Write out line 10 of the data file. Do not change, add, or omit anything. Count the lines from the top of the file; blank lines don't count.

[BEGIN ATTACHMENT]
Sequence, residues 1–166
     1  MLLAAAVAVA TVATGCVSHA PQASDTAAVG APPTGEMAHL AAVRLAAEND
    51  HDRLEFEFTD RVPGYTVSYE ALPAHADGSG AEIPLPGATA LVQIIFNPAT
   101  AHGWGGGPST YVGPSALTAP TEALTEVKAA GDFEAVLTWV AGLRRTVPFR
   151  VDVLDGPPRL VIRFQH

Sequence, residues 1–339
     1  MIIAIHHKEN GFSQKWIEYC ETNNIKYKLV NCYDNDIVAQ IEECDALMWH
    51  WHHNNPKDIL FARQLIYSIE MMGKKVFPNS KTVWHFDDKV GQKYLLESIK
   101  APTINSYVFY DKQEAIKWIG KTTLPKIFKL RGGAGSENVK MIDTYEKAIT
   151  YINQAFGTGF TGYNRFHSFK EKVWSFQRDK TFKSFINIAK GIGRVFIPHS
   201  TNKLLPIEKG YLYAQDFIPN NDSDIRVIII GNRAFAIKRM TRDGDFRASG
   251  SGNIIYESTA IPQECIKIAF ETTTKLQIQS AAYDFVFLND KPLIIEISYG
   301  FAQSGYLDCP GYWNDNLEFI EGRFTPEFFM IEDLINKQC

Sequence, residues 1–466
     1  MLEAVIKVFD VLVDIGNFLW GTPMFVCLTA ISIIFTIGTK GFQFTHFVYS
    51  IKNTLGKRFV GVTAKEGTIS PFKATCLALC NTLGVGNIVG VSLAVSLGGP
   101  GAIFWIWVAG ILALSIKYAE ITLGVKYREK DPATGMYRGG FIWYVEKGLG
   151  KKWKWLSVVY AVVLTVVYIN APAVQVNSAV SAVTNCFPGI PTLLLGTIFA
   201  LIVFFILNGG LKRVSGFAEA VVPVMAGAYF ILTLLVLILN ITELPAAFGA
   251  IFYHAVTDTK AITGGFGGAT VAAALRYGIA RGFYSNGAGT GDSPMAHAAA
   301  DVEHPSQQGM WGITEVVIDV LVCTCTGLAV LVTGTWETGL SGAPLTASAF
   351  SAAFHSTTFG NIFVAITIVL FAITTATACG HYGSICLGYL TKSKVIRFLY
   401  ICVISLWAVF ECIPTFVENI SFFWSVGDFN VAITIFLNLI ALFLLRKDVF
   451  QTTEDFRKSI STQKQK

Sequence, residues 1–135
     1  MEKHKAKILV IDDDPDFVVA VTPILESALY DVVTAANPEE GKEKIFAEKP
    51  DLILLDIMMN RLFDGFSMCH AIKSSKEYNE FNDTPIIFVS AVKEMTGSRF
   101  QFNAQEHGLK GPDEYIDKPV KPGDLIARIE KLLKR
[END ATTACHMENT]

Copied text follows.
   151  YINQAFGTGF TGYNRFHSFK EKVWSFQRDK TFKSFINIAK GIGRVFIPHS